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Spencer West Has No Legs, But He's Walking for Water

Posted: 05/06/2013 4:12 pm

Never tell Spencer West that he can't do something.

A congenital spinal disorder rendered his legs useless, so at age five, West underwent a double amputation to remove them. Doctors predicted that West would never walk and told his parents that he would never be a productive member of society. Even then, with all odds against him, West pushed limits and learned to walk on his hands.

Now a Me to We motivational speaker and author, West has shared his inspirational story with millions of people.

His biggest challenge -- so far -- was climbing Mount Kilimanjaro for charity last June. West summited Africa's tallest peak, climbing hand over hand to 19,341 feet, and raising more than half a million dollars for Free The Children's clean water projects in Kenya. That was last summer.

Today, we were with West as he kicked off the We Walk 4Water campaign, starting a 300-kilometre trek from Edmonton to Calgary. He and his buddies, David Johnston and Alex Meers -- all veterans of Kilimanjaro -- are walking in solidarity with the millions of women and children around the world who must walk for hours each day to collect water for their families.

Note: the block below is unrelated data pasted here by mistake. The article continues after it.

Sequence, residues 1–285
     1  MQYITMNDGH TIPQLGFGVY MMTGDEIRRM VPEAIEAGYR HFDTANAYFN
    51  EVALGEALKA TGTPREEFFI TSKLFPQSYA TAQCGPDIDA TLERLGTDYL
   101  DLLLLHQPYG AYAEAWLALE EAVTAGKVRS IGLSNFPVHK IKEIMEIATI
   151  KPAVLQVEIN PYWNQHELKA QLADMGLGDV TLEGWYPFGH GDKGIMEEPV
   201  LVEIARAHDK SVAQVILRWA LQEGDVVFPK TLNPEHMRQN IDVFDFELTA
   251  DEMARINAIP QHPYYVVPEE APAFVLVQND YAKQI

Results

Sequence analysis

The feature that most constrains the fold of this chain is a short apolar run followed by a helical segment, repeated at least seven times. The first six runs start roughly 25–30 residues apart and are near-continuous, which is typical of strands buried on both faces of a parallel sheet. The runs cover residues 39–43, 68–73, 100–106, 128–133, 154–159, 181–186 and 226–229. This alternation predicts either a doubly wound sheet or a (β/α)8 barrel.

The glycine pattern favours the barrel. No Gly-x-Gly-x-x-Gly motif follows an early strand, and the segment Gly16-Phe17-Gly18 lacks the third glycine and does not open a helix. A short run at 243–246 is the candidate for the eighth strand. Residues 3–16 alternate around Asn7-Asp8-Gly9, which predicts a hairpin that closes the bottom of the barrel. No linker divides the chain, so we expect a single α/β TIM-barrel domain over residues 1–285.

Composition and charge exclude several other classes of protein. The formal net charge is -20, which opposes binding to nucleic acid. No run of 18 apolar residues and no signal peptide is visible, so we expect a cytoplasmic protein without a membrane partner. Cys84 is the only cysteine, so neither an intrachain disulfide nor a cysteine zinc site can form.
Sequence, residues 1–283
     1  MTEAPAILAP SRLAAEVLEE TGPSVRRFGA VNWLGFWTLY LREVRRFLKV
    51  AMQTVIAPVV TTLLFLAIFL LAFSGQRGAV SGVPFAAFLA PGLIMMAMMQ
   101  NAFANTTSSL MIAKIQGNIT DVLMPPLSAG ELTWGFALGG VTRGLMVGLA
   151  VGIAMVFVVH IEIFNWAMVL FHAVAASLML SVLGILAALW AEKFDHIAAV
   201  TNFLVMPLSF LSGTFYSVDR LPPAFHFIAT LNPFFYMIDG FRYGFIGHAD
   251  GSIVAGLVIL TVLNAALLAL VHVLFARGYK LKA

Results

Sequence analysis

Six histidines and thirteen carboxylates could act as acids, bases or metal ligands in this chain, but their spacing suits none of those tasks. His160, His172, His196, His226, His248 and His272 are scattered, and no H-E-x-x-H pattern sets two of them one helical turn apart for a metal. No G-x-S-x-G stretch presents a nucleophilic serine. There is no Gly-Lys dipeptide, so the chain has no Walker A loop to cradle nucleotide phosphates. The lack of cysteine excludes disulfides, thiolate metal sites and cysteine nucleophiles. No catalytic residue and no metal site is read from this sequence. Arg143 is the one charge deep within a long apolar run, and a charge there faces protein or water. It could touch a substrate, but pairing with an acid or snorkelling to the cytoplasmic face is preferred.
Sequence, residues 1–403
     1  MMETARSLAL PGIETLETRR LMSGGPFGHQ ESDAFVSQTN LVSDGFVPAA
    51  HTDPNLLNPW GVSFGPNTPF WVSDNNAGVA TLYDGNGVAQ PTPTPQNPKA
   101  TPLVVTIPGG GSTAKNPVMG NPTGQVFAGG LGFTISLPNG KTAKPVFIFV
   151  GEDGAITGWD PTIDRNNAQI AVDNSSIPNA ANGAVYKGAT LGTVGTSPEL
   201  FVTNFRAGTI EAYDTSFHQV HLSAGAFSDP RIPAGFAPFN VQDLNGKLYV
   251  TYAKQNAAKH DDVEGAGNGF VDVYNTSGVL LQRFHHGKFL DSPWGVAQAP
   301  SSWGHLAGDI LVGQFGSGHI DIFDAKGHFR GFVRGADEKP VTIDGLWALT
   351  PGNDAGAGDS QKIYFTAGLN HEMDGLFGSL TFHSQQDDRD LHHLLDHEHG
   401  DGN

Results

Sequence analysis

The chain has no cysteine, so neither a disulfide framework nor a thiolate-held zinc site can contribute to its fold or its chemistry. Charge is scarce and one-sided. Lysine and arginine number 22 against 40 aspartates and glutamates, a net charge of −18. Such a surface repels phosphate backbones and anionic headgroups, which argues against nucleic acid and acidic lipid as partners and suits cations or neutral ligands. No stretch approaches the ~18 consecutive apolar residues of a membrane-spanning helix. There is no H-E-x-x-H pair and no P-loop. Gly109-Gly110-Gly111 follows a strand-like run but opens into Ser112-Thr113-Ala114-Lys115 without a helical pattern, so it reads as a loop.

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This morning, West warmed up and took his first steps with students from Johnny Bright School, along with Degrassi's Munro Chambers and Aislinn Paul. En route, West will be joined by Grammy-Award winning artist Nelly Furtado; reality TV personality Ethan Zohn, and U.S. Army veteran and Dancing with the Stars winner J.R. Martinez. But perhaps most touching are two very special guests, Me to We Artisans Mama Leah and Mama Monica, who flew all the way from Kenya's Maasai Mara to take the first few steps with West. He's now leading the way with an entourage behind him.

West can use the support. He has been training for weeks to prepare for the walk, which might prove even more difficult than his Kilimanjaro climb. No one can predict how same repetitive movement for hours at a time will affect him and knows he must take care of his joints. His trainers have told him he must be careful to stretch.

Money raised will support Free The Children's year-long Water Initiative to provide 100,000 people around the world with a permanent source of clean water.

Already on his way in Edmonton, West will walk an average of 30 kilometres daily over the next 11 days -- on his hands and in his wheelchair -- all the way to Cowtown.

We like to say that West is a giant. He's brought new energy and a renewed perspective to Free The Children. There is a perception among some that it's really difficult to change the world. But West, who has faced many challenges, proves that if he can do it, anyone can. He's redefined possible.

As West begins his latest journey, watch for updates at Huffington Post Canada online in the days to come. Learn a bit more about West here:

Craig and Marc Kielburger are co-founders of international charity and educational partner, Free The Children. Its youth empowerment event, We Day, is in 11 cities across North America this year, inspiring more than 160,000 attendees from over 4,000 schools. For more information, visit www.weday.com.

 

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